Harvey is very smart and his contract is brilliant: clear to read and he’s said it’s proven bulletproof in court.
I also recommend you read his book – it’s awesome.
Submitting your idea:
I speak with a lot of people who have one company in mind to submit their idea.
Keep in mind there are more firms that do the same thing, market the same set of products to the same industries.
Here are my favorite two places where to find them:
You can find them all in 1. the trade magazines that serve your industry.
Find the trade magazines in Bacon’s Magazine Directory in larger libraries. Or Oxbridge Communications Directory of Periodicals.
These amazing and easy to use reference tools are in most large libraries at the reference desk.
Learn how to get FREE subscriptions to each of the trade magazines in my book “How To Market A Product for Under $500!” I’ve written an easy and foolproof plan in there, so I’m not going to repeat it here.
If you are looking for firms that are in the same markets as you are looking for, or companies you’d like to pitch a licensing deal to, find them in 2. The Thomas Register of Manufacturers and Distributors.
This huge 30-book reference set is found at all large libraries.
Their online version sucks, so go to a library and spend some time there – if will be worth it.
Bring plenty of change for the copy machine, so you can copy all the pages of firms, names and addresses you’re going to send licensing letters to.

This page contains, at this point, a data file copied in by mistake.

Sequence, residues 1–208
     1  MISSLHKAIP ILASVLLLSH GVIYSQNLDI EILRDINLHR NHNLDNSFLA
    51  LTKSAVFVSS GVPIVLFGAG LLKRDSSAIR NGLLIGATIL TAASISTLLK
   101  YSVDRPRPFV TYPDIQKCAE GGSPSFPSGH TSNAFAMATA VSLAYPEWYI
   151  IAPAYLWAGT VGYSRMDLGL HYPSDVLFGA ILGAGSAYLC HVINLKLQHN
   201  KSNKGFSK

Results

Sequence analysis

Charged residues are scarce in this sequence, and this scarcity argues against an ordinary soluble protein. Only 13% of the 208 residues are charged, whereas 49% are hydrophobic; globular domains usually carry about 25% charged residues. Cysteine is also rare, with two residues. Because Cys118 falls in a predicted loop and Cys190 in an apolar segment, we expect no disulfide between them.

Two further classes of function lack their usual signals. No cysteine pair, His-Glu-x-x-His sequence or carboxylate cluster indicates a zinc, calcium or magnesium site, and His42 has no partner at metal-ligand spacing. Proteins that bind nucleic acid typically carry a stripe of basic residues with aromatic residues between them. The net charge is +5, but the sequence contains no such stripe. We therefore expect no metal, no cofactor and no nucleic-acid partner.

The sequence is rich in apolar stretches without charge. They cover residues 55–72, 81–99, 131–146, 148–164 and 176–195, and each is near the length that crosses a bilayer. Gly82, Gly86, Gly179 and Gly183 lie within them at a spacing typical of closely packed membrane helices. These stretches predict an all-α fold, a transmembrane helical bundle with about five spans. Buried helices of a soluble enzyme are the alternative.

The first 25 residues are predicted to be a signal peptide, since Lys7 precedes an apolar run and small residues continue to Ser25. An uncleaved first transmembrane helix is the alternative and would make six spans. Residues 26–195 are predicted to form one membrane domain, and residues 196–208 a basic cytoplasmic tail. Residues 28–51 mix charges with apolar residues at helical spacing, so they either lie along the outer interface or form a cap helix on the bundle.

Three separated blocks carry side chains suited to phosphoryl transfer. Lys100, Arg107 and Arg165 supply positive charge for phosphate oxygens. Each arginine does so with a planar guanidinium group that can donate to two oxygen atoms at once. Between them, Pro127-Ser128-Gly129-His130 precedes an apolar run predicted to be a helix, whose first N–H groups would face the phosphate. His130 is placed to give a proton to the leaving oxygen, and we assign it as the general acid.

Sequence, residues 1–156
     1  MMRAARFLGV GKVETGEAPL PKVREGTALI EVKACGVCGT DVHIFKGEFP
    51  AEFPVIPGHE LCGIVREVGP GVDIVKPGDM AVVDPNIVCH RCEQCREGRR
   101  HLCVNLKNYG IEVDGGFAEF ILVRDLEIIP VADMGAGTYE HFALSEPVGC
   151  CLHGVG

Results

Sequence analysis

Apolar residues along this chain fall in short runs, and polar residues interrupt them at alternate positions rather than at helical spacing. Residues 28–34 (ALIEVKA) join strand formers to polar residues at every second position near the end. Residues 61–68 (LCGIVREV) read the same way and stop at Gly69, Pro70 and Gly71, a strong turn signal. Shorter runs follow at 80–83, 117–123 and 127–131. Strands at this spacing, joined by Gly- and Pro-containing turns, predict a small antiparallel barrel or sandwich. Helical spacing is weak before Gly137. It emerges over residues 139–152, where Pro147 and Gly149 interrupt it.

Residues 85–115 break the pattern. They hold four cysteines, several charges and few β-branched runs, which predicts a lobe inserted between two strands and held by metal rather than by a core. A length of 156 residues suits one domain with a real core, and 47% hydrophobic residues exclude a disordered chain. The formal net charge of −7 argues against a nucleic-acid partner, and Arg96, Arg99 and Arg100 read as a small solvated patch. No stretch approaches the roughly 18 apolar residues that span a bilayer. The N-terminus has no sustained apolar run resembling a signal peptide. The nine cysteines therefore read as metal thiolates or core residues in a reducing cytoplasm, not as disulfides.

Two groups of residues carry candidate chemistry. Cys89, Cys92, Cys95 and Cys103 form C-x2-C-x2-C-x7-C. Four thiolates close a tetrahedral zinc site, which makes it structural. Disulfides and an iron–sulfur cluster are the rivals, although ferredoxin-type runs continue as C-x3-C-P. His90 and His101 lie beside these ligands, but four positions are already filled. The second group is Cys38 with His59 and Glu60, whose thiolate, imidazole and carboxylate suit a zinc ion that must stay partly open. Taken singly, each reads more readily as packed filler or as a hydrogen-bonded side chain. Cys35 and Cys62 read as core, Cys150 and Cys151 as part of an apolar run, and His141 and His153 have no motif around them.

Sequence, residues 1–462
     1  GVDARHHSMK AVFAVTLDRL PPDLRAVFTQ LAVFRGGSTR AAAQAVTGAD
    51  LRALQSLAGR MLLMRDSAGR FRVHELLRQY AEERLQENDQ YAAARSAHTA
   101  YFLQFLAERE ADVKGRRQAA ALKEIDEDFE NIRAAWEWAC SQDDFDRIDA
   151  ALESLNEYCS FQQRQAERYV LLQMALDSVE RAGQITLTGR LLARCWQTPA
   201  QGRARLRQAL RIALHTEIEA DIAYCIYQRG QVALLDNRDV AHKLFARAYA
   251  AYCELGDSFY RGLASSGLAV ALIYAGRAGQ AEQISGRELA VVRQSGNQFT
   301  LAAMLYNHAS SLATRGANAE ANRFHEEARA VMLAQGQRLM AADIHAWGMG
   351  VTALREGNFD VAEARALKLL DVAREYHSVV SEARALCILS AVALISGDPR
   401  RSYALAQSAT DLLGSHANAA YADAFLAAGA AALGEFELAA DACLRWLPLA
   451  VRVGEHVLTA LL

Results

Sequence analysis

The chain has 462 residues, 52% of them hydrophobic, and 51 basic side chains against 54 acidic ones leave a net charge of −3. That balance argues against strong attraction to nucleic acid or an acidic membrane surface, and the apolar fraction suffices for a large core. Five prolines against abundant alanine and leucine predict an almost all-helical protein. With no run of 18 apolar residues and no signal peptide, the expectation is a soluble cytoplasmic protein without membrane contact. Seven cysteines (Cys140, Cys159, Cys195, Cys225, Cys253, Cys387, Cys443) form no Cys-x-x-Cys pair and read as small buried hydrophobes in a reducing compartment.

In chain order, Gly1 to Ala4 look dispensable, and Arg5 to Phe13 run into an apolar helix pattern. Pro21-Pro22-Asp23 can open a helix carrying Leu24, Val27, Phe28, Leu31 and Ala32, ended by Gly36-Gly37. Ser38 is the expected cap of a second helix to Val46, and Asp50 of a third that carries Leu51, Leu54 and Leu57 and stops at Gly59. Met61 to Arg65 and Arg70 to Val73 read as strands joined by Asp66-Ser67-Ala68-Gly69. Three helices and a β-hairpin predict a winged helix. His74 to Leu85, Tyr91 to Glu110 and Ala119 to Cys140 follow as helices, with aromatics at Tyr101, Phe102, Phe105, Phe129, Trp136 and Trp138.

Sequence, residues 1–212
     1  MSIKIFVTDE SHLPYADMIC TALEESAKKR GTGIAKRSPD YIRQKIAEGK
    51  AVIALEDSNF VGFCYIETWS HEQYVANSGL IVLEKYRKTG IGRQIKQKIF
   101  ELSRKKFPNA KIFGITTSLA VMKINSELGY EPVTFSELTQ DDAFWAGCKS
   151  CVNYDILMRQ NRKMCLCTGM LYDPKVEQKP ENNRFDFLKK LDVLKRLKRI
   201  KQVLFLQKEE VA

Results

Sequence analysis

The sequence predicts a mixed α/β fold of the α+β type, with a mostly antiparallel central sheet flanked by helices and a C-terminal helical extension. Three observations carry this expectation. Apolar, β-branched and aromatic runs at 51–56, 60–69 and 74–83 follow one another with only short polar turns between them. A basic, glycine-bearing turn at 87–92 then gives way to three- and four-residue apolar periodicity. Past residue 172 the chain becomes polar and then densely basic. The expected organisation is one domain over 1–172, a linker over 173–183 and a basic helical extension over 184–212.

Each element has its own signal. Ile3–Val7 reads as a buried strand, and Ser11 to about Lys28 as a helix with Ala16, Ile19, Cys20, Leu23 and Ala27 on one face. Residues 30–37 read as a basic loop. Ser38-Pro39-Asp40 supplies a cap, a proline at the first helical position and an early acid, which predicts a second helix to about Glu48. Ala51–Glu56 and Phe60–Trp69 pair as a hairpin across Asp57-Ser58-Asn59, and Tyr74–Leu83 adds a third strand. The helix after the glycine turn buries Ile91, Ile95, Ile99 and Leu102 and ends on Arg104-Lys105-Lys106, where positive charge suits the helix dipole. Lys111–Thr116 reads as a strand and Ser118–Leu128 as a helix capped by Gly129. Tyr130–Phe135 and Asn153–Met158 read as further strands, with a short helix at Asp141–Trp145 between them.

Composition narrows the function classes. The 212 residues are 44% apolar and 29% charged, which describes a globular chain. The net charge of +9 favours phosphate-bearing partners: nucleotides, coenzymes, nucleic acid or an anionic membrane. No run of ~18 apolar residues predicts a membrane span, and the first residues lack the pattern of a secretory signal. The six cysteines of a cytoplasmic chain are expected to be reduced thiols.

Reaching potential licensing firms:
When you send anything by mail, it’s a direct mail campaign.
Remember: all direct mail goes by numbers, and percentage of response.
This is the beginning of a marketing campaign for your invention.
It works by traditional mail, and also surprisingly well by email.
The email must be highly personalized to work.
With inventors I have worked with I’ve used this same formula and my clients have received a positive response as high as 15% to our personalized mailings.
For some campaigns the response my clients received is from the top firms in the industry, and directly from the President of those firms.
If you thought this article was helpful, please let me know and if I get enough requests I’ll write the next article in the series: how to handle the second correspondence to you write to the president of the firm.
Hope this is helpful.
Remember to enjoy each step of the inventing process as the trip is more than success of the idea itself.
If your one invention doesn’t generate any interest from anyone from this campaign… hey, you’re an inventor – I’m sure you have other inventions.
Notice you don’t send them an invention at this point, so you don’t even need a working model. All this is done without a prototype.
You’ll need a working model for the conclusion of this process – when you receive a positive response and the negotiations to license your product start.
President, The American Society of Inventors.
To visit the American Society of Inventors Website, please Click Here
To speak with Jeffrey, please call his office: 610-642-1000 — this phone rings on his desk.